3. You’ll never go hungry if you grow your own food. I helped my family raise plentiful crops, which filled our freezer and the basement’s shelves of canned goods. All that bounty fed us through the winter. Today, I continue harvesting a wide variety of healthy veggies and luscious blueberries from our garden, although I no longer pack a full-size freezer.
4. Don’t eat your money. Dining at McDonald’s was a rare treat for us in the 1950s. Today, I’m not comfortable paying $50 for lunch when I can easily eat a healthy meal at home, brown bag it or choose an inexpensive alternative if I’m out.
5. Do well in school. Scholarships and a college degree can be your ticket to a better life. Having seen my parents, grandparents and great-grandparents struggle financially, I hoped to break the cycle by continuing my education. Both my great-grandmother and grandmother were briefly one-room schoolteachers, before their marriages. I’m glad they encouraged me to earn a university degree and start my professional career as a public-school teacher.
6. We care for each other as we age, and save money that way, too. After my great-grandpa died and later my grandpa passed, their widows continued living in our multigenerational household for decades. Before his death, my father-in-law moved in with my husband, my children and me for several years. It was much less costly than a retirement home, and it was meaningful for his grandkids to know this gentle soul better. I believe living with us gave Grandpa a better quality of life in his remaining years.
I don’t want to appear Pollyannaish. Yes, I do also remember negative money messages from my childhood. My parents often argued about their finances. There never seemed to be enough money, especially one Christmas when Mom bought many presents from the General Merchandise catalog on credit.
My grandparents dealt with their money disagreements away from us kids, but sometimes I heard their fights as well. I recall adults yelling, banging doors and sulking. These memories turned me 180 degrees in the opposite direction. My husband and I openly discuss money matters and don’t keep financial secrets.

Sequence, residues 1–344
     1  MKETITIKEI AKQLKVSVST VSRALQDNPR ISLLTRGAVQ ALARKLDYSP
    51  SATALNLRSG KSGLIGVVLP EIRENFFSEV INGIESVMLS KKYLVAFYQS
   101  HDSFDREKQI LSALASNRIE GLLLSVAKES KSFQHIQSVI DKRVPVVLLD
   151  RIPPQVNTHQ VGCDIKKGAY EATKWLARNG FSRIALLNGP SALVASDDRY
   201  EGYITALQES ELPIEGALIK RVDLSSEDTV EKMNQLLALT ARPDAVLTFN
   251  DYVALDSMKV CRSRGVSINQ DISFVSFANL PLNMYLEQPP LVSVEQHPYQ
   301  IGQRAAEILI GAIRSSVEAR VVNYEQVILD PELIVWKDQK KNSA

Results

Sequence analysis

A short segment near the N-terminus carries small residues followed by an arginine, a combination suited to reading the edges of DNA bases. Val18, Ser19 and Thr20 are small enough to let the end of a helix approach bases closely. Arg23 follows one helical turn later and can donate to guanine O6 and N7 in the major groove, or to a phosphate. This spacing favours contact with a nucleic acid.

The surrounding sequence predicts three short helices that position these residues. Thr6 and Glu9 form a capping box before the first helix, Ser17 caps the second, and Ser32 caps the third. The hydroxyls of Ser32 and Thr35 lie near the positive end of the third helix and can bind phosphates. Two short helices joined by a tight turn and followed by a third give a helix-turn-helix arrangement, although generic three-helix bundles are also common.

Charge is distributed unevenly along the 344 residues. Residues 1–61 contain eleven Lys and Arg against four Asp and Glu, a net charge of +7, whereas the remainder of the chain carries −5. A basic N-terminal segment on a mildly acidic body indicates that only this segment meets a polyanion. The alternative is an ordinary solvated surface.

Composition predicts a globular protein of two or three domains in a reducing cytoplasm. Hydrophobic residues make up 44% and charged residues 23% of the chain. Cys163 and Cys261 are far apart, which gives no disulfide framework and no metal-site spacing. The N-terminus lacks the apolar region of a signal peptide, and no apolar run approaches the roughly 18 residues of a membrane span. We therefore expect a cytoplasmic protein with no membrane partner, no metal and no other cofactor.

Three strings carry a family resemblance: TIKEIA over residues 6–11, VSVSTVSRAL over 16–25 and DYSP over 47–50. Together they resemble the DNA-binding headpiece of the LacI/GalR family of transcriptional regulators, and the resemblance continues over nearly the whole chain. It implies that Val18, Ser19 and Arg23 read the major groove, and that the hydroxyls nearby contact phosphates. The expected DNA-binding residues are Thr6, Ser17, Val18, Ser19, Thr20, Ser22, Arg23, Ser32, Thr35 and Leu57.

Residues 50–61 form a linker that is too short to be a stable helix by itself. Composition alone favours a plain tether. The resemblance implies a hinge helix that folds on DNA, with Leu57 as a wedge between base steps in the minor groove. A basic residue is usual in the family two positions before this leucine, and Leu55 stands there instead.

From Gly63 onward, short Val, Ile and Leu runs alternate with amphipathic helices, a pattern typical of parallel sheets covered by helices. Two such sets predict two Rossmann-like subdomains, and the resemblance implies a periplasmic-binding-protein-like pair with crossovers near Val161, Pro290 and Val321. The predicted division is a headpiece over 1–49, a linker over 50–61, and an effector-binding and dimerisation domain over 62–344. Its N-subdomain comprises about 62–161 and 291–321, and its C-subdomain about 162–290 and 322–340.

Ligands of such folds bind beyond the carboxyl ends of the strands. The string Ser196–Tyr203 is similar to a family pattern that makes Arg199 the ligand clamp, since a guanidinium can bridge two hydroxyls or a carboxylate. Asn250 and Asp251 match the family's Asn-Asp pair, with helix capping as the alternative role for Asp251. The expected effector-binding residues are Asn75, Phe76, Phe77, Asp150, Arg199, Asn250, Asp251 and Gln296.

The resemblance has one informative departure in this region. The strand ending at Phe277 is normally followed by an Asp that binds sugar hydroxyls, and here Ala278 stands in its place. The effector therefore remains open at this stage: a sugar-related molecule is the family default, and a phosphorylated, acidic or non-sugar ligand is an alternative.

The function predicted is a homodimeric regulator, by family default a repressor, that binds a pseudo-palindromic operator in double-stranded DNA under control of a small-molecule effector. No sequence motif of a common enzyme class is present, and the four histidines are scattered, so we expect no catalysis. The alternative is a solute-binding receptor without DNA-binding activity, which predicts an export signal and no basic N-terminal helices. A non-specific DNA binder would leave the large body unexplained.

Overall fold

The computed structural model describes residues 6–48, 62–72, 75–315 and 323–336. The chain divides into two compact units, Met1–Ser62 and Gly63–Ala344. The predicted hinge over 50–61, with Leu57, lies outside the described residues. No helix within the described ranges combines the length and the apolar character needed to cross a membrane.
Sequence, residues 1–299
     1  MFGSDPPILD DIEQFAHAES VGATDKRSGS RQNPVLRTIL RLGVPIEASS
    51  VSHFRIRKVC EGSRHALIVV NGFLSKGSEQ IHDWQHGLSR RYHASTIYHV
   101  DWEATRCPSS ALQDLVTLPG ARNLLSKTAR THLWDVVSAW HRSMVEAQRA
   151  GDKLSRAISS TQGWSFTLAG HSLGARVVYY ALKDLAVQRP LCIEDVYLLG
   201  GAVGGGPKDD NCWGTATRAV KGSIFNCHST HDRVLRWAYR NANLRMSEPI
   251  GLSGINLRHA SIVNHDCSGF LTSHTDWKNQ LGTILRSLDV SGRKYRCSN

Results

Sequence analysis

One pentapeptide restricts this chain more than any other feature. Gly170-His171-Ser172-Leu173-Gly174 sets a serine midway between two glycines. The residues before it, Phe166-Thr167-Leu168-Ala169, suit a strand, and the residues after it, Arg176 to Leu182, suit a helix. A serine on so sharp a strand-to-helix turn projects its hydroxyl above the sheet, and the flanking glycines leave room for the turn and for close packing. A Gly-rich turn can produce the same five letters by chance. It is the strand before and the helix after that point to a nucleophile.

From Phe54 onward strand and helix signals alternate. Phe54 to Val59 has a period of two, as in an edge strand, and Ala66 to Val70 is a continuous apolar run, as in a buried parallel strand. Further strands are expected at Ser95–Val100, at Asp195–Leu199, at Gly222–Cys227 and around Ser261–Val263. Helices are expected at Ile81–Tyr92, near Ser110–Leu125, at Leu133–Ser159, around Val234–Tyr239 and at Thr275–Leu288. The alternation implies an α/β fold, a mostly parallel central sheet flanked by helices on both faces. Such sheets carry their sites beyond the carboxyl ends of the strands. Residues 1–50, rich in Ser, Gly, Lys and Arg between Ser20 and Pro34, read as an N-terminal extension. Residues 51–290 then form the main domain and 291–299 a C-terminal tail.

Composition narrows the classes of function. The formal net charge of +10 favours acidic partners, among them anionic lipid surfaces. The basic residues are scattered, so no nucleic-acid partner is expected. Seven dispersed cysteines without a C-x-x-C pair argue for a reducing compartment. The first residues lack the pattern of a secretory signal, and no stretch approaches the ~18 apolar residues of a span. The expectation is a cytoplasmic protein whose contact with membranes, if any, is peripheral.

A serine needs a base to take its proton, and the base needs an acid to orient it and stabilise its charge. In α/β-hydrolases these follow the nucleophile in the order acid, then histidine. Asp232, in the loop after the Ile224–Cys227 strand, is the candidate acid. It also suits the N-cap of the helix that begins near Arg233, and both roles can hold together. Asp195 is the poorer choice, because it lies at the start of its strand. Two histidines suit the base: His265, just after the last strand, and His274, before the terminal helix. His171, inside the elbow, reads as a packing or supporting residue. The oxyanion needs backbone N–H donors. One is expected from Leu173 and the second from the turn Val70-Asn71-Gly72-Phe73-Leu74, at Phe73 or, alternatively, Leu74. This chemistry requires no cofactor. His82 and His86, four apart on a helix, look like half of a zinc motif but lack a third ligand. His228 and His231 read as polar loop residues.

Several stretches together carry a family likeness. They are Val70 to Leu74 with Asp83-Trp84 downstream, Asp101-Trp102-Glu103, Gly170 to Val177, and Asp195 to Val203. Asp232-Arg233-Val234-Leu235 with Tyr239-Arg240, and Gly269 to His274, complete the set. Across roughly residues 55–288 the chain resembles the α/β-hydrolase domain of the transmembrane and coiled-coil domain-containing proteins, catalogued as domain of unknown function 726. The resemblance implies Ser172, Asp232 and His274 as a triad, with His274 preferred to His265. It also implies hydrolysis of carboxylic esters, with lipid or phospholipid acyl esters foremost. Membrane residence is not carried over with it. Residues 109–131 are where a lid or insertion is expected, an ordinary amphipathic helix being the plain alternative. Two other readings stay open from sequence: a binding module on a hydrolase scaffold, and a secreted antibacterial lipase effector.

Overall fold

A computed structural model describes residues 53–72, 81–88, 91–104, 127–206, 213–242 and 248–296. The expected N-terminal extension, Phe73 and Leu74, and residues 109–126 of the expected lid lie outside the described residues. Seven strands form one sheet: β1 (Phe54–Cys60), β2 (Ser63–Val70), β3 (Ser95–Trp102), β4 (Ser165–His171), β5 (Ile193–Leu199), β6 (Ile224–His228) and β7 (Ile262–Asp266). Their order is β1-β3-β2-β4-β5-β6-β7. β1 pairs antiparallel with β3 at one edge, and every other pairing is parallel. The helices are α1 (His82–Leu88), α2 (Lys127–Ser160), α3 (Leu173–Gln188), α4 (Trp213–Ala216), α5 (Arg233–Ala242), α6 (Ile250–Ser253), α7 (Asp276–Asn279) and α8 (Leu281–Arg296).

Will the trend toward increased multigenerational housing continue? I believe it will.
During the pandemic, a friend of mine and her husband combined households with their adult daughter, son-in-law and two toddlers. With no child care available, their remote-working daughter and husband were desperate for help. Now that the critical phase of the pandemic has passed, this three-generation family has decided to remain together for financial and other benefits. Indeed, they pooled their money and bought a bigger house to provide more space for all, including a semiprivate in-law suite.
For many years, I’ve enjoyed living just with my husband, inviting extended relatives to visit often. Two summers ago, my son and his family stayed with us in our roomy house for almost two months. Years ago, when my mother was widowed, she was with me before choosing to live in a nearby retirement home.
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I plan to maintain my independent lifestyle for many more years. But who knows? Perhaps someday I’ll return to a multigenerational family—but this time I’ll be the elderly grandparent.
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This column first appeared on Humble Dollar. It was republished with permission.
Kathleen M. Rehl is retired following a career in financial planning and an “encore career” of speaking and doing research about widows. She wrote the award-winning book, Moving Forward on Your Own: A Financial Guidebook for Widows.